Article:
The next day Lafayette is angered by the events of the previous evening and takes a walk with his older friend Mr. Luigi (Marcello Mastroianni) on the beach near the World Trade Center where they discover a life-sized King Kong lying on the beach dead, with Kong, of course, as the ultimate symbol of a tough guy from a distant place who hit NYC and got the prettiest girl in town. Clutched in Kong’s hand though would not be scantily clad Fay Wray but instead a tiny monkey baby whom Mr. Luigi refuses to take care of due to his advanced age, so Lafayette takes the job and plays mother to the orphaned baby, raising it like a human child. Once home and domesticated, Lafayette becomes the target of admiration for Angelica (Gail Lawrence, better known as Abigail Clayton during her porn star years), one of the theater troupe who originally spurned Lafayette’s advances but is now interested due to what I can determine is Lafayette’s new found maternal instinct. This is where we really see Ferreri, drawing the hard line between men and women. Not during the female on male rape but here as a faux mother is where Lafayette succumbs to his sensitive side and becomes more accessible to the women around him.

On several occasions in the film, Lafayette seeks out the advice of his boss at the wax museum, Mr. Flaxman (James Coco), so when Lafayette arrives with his new monkey to work, Mr. Flaxman tells Lafayette that the monkey will eventually lead to his downfall (loss of masculinity for those following in the cheap seats). Lafayette heeds his boss’s advice and tries to abandon the monkey, the soon be named Cornelius (Planet of the Apes anyone?) But when Lafayette tries to leave Cornelius in the park, Cornelius cries and runs to Lafayette who just cannot leave his new baby, so his motherhood is now complete. Lafayette tries to go about his life, but with Cornelius with him, the prophecy of Mr. Flaxman comes true and everything goes south for Lafayette. In fact his friend Mr. Luigi, a clear symbol of the masculinity of the past, sees his penchant for non-vegetarian eating and his inability to find love in the new land as a harbinger for his eventual checking out of this world. Even Mr. Flaxman sees the writing on the wall when he is blackmailed into changing the faces of his wax sculptures Julius Caesar and Nero into Nixon and Kennedy.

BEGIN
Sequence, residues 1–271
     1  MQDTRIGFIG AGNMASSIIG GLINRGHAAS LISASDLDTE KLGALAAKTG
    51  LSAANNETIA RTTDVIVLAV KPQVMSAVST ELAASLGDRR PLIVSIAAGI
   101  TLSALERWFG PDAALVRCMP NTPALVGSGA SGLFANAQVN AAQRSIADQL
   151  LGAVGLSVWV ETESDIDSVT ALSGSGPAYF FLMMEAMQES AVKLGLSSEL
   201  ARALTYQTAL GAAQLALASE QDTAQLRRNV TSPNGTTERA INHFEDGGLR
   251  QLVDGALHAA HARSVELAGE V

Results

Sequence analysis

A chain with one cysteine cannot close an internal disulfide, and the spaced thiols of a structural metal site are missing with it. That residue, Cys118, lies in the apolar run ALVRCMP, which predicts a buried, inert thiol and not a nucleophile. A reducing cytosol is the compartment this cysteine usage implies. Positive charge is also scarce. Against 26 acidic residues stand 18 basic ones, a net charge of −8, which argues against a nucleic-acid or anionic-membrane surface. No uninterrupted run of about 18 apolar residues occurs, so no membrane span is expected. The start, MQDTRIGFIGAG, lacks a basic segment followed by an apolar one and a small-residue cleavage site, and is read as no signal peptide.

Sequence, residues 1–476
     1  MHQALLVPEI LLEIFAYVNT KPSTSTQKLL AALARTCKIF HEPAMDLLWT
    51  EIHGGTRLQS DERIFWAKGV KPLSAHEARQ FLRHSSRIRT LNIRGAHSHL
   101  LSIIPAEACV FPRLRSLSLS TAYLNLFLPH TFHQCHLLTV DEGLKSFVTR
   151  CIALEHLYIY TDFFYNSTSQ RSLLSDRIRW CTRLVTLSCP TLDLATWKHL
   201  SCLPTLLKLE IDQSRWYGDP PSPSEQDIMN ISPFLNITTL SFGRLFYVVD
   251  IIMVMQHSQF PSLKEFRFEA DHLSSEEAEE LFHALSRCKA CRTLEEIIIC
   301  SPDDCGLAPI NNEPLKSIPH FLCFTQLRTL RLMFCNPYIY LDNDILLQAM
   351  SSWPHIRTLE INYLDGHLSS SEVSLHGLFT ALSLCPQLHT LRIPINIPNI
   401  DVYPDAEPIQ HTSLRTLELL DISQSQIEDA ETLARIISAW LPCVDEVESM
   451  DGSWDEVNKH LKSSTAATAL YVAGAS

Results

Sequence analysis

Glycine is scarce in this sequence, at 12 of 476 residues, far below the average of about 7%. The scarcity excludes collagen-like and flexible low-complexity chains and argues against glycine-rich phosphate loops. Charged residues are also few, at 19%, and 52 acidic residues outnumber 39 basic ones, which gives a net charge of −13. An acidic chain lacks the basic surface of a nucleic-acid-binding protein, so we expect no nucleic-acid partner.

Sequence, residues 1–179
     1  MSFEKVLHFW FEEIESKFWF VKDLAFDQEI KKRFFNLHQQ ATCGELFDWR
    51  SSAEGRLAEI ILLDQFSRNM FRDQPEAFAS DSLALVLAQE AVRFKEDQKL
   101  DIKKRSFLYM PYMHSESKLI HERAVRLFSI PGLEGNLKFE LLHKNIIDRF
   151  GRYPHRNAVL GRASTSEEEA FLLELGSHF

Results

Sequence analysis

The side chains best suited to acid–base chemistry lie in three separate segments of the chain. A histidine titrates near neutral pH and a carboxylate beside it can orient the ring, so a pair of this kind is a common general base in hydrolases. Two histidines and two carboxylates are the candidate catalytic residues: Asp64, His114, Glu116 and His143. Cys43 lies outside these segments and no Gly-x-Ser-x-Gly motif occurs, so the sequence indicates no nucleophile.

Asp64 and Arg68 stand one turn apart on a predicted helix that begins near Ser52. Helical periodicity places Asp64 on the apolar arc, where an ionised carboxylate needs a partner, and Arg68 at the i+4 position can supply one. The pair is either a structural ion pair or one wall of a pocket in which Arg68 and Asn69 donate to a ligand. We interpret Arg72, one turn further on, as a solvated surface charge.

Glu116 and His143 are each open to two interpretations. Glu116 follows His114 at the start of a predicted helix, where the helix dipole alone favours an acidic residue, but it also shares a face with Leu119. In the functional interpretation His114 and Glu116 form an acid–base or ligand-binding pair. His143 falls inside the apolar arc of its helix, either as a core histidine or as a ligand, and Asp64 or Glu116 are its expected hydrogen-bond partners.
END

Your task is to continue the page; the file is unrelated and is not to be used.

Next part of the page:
1996 Interview With Marco Ferreri About “Bye Bye Monkey”

Ferreri cleverly uses Depardieu and Mastroianni as examples of two generations of actors from Europe, which was still going through an ultra machismo period, behaving here like they would in a contemporary film from their home countries. As outsiders, it is then up to their characters to decide in “Bye Bye Monkey” on whether they will acquiesce to the way of the seventies male or just stop living all together. What is made clear then by Ferreri with his “punch you in the head but you still find it uneasily interesting” symbolism, is that empires will always fall, and it is the rats who come out of every civilization that expires. Of course Marco Ferreri is not a soothsayer like his Mr. Flaxman, but the now eerie image of the former World Trade Centers looming in the background during many of “Bye Bye Monkey’s” key moments, somewhat bear out Marco Ferreri’s prediction of an American empire, once lead by strong men, fading out in the not too distant future.